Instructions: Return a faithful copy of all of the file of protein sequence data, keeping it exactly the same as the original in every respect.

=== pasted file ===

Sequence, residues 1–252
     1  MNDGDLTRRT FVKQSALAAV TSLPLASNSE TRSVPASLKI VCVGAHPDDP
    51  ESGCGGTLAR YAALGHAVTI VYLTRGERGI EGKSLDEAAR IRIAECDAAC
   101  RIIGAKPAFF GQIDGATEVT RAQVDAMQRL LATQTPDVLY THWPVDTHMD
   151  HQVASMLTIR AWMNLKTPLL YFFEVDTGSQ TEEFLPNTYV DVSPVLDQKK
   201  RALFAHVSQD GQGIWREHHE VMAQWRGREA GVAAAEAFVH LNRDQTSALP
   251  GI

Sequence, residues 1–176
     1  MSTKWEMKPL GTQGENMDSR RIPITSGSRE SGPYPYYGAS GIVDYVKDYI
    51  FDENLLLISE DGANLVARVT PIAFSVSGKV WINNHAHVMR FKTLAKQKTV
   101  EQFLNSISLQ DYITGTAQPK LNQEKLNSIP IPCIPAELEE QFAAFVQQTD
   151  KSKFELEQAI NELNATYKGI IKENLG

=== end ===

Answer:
Sequence, residues 1–252
     1  MNDGDLTRRT FVKQSALAAV TSLPLASNSE TRSVPASLKI VCVGAHPDDP
    51  ESGCGGTLAR YAALGHAVTI VYLTRGERGI EGKSLDEAAR IRIAECDAAC
   101  RIIGAKPAFF GQIDGATEVT RAQVDAMQRL LATQTPDVLY THWPVDTHMD
   151  HQVASMLTIR AWMNLKTPLL YFFEVDTGSQ TEEFLPNTYV DVSPVLDQKK
   201  RALFAHVSQD GQGIWREHHE VMAQWRGREA GVAAAEAFVH LNRDQTSALP
   251  GI

Sequence, residues 1–176
     1  MSTKWEMKPL GTQGENMDSR RIPITSGSRE SGPYPYYGAS GIVDYVKDYI
    51  FDENLLLISE DGANLVARVT PIAFSVSGKV WINNHAHVMR FKTLAKQKTV
   101  EQFLNSISLQ DYITGTAQPK LNQEKLNSIP IPCIPAELEE QFAAFVQQTD
   151  KSKFELEQAI NELNATYKGI IKENLG